In Conversation with Ricardo Nagaoka

Interview Timothy Frazier
Image Ricardo Nagaoka

TF: How did you get into photography?

RN: I used to hang out a lot with skaters when I was in high school. As soon as I got my first camera, they naturally designated me as the photographer. Fast forward a couple years, junior year of high school was ending, college applications were looming, and I was nowhere near figuring out what I wanted to do in life. In the midst of all this, one of my art teachers suggested I try applying to school for photography.

RN: As silly as this sounds, I had not even thought of photography as a career choice, much less a viable artistic medium. My school didn’t have a photo program at all, so I wasn’t really exposed to it as an artform until college. In this sort of a-ha moment, I took photography a lot more seriously, built a portfolio, applied to schools, and the rest is history.

TF: Tell me about your project, "Eden Within Eden".

RN: The work is centered around the cluster of neighborhoods in North Portland and the city’s history of segregation, systemic racism, and the rapid changes that gentrification has brought about the city. What was the city of Vanport, where most African American folks lived, suffered a catastrophic flood that destroyed every home. When they tried finding a new home, the city fiercely restricted their choice of housing to these neighborhoods. Segregation was carried out through restrictive covenants on home title deeds, banks employing redlining tactics to impede people from taking out loans, and ultimately having the city decree this area as “undesirable” through their own makings.

RN: Gentrification is the new beast taking over the city, something most Americans cities are dealing with in varying degrees. While these powerful economic forces do affect a diverse group of people, the work is focused on the Black and African American communities, the injustices of the past, and their historical ties to the place they have called home for decades.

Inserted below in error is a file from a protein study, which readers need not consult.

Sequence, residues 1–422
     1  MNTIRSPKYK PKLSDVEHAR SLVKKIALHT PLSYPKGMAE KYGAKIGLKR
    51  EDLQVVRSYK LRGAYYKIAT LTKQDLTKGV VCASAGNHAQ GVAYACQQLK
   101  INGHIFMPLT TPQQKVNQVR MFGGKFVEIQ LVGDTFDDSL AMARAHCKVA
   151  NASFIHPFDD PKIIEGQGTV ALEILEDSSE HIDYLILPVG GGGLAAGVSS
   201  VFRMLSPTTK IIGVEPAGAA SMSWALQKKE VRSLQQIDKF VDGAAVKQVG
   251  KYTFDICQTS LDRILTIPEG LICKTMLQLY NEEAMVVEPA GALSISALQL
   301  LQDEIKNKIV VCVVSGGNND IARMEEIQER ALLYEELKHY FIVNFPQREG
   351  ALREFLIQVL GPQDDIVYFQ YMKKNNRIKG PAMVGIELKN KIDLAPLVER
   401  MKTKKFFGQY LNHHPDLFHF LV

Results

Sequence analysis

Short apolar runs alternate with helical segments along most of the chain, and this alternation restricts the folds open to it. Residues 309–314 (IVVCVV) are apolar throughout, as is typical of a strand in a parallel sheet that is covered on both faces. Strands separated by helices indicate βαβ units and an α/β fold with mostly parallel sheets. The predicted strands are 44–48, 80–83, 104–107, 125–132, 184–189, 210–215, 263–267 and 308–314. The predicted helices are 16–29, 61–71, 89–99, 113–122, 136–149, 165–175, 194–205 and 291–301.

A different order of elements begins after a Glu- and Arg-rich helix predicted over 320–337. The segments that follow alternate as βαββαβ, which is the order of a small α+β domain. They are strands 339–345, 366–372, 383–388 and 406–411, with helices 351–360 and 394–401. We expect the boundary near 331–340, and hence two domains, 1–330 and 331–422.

TF: Tell me about your project, "A Distant Land".

RN: It was my first, long term project I worked on while I was in school. Over the course of a couple years, I spent time making images of the Japanese community in Paraguay, where I was born and raised. As the first generation of Japanese immigrants were growing old, I was interested in the preservation of heritage and cultural identity, and what importance they held for communities. I learned a lot about myself making this body of work, and although I see its many flaws now, it still feels special to me.

TF: You studied at Rhode Island School of Design and then drove across the country to live in Portland, Oregon. Could you talk about that experience? What got you interested in setting up shop in Portland?

RN: RISD was an incredible experience, and an absolute privilege to be able to attend a school of their caliber. Biggest thing I learned there was how to go about being critical, inquisitive, and curious when looking at work, whether it’s my own or someone else’s. After I graduated, my partner got a job in Portland, which is what prompted the move.

TF: If you could have any superpower what would it be and why?

RN: Time travel for sure. Can you imagine being able to experience any time period in history?

TF: What are your thoughts on the future of photography?

RN: Excited, yet anxious? I think there’s a bright future for this medium, every year I’m surprised by how people are pushing the medium. But I can’t deny the anxiety from the ever-growing, seemingly infinite amounts of images being created every day. I just hope people don’t get burnt out and stop appreciating images as we do now.

TF: Future plans or upcoming projects?

RN: Keep working on the project here in Portland, eventually try to get it published once I feel it’s in a good place. I’m also exploring some completely new ideas with my practice, but it’s way too early to tell how that will turn out!

Ricardo Nagaoka is a photographer based in Portland, Oregon. You may view more of his work on his website,